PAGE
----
Labor -- at least in certain professions -- has become hard to find. The job market has been suffering from a shortage of qualified workers, and that's a challenge that can hit small businesses harder.
To work around that, as a small-business owner or manager, you have to be more clever than your counterparts at bigger firms. The good news is that you won't have to deal with the roadblocks and red tape that are often in the way at big firms.
You can work at filling open positions by being more clever than your larger rivals, and by throwing aside some traditions. That's not always an easy path to follow, but it may lead to the hires you need to keep your company running.
1. Hire skills, not degrees
While some large employers are willing to look at whether employees can do the job instead of whether they have the right degree, that has certainly not become the norm. But as a small business owner or manager, you're not bound by those requirements. Someone who gained skills in a nontraditional way (or has the ability to learn them) might not be a candidate elsewhere.
If you hire that person, you're not only filling your need -- you're adding an employee who will appreciate the chance you gave him or her. You'll also be hiring someone who may not be able to leave as easily, since big companies may not be willing to overlook the degree issue.
2. Hire young
During my senior year of college, the editor of the magazine where I worked part-time was fired around Christmas break. I had a vague idea of what needed to be done, and managed to get the next issue put together. The big boss noticed -- and I was hired, even though I was still in school.
It was a mutually beneficial deal. I got a job, at a time when the market for editors was awful, and the company got an inexpensive employee who could be brought up in the ranks over time.
3. Look for unusual candidates
During my days in the newspaper field, I was once a finalist to lead digital strategy for a family-owned local-newspaper company. It was a cool job that I lost out on at the last minute, when a much more qualified (overqualified, really) candidate emerged late in the process.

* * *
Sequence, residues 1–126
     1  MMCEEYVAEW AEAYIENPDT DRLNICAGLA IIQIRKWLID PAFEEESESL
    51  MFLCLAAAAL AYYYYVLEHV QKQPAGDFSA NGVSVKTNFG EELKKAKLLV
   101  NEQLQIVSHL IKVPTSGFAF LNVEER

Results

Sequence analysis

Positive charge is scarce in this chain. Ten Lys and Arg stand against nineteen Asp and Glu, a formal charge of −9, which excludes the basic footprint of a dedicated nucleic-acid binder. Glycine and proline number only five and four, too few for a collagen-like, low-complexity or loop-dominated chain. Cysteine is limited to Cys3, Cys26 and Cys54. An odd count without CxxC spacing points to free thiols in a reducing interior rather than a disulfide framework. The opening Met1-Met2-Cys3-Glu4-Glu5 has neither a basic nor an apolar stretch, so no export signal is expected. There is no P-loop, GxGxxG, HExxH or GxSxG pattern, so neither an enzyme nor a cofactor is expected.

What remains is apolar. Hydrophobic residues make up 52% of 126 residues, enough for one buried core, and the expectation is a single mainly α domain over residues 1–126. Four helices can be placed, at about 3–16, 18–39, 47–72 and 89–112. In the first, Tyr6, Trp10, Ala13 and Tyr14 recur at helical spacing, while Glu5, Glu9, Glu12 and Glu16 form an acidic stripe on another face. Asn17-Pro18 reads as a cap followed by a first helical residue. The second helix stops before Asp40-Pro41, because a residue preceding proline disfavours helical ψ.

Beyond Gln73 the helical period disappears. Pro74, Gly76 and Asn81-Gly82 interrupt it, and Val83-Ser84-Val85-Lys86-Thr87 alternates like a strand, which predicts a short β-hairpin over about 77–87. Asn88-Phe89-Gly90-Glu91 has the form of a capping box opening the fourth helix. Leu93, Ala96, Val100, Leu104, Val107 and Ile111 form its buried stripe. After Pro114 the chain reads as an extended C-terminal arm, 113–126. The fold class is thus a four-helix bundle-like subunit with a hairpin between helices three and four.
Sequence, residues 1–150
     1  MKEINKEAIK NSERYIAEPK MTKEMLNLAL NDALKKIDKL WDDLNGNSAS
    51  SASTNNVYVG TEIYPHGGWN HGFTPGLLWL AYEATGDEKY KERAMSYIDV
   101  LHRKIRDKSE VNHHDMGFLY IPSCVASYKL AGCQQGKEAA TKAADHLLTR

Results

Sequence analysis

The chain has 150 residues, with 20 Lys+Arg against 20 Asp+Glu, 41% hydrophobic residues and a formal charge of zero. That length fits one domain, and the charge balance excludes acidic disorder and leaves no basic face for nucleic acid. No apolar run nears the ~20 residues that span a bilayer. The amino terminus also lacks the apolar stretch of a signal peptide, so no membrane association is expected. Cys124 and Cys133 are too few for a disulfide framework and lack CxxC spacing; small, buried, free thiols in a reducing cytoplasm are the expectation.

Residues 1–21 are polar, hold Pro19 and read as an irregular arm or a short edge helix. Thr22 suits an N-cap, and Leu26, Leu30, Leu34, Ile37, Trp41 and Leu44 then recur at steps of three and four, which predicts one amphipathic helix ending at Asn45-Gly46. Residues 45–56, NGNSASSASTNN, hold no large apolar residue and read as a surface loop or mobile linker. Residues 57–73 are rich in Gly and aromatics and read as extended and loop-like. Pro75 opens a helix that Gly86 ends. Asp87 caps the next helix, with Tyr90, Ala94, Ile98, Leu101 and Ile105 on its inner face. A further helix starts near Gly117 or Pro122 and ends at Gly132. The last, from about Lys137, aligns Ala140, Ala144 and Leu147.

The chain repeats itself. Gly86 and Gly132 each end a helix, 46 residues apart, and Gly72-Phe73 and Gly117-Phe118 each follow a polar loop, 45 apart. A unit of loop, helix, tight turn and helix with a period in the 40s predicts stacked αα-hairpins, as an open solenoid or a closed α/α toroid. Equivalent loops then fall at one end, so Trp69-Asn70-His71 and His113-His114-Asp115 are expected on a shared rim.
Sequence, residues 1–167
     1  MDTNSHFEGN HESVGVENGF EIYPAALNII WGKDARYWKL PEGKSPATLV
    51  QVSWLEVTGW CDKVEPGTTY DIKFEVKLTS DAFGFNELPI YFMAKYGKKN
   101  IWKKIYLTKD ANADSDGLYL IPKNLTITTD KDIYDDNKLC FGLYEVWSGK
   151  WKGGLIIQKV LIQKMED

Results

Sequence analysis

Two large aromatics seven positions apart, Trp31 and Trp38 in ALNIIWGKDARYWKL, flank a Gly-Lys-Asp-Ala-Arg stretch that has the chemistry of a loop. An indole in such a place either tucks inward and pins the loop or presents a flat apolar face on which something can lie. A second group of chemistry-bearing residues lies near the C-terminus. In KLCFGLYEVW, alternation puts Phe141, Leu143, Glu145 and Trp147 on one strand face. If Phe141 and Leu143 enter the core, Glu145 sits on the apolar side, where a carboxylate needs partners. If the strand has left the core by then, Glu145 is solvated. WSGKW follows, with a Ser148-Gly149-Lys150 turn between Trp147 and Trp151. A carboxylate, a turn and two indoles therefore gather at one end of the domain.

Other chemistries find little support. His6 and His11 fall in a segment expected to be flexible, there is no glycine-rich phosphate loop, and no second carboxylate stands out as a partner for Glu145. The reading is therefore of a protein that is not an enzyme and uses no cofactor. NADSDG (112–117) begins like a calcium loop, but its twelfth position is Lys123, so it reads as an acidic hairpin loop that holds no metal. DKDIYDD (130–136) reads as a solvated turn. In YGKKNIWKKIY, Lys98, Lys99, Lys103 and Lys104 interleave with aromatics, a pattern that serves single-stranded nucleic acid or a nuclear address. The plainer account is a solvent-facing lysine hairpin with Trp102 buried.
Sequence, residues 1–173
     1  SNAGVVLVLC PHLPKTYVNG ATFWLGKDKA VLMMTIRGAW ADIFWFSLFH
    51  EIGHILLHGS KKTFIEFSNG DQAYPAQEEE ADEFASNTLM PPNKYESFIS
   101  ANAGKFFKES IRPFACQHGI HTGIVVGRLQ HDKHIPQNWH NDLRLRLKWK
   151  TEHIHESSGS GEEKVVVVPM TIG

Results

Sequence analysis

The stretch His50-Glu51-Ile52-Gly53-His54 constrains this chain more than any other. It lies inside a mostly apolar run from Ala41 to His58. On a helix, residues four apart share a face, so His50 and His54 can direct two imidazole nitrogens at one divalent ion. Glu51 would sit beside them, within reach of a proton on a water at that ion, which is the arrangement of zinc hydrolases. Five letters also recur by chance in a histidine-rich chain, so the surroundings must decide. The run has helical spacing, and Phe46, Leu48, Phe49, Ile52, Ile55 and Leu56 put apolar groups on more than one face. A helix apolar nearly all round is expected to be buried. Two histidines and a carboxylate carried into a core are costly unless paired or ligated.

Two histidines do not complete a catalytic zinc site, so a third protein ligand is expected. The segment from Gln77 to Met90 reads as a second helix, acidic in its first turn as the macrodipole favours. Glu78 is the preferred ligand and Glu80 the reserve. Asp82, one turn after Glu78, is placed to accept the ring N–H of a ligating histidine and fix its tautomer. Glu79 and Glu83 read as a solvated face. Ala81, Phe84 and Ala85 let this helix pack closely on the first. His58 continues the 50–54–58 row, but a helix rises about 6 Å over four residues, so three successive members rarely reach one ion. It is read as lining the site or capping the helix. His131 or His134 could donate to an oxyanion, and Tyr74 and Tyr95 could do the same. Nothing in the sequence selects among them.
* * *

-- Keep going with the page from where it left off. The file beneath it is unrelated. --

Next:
He'd held the same job at a much bigger company, but needed to move home to deal with a sick parent. He needed flexibility, and that meant that larger companies in the area where he needed to live weren't interested.
By allowing him to handle his personal business around his job, this smaller company got a skilled worker it would otherwise never have been able to recruit. You can use that same logic to hire people who need special consideration.
That might mean someone taking classes, a person with young kids, or someone providing care for an elderly parent. Be open-minded and focus on whether the person can do the job, not on the exact hours that will be worked.
Don't be bound by convention
At a small business, you don't have to do things the way they've traditionally been done. You can mix and match job responsibilities based on your employees' strengths. You can seek out skills from freelancers or consultants that you may not be able to find in full-time workers.
Be open to any ideas, and focus on results, not process. Have both patience and a willingness to be ever-adaptive. Those may well be the only ways to succeed in this hiring market.
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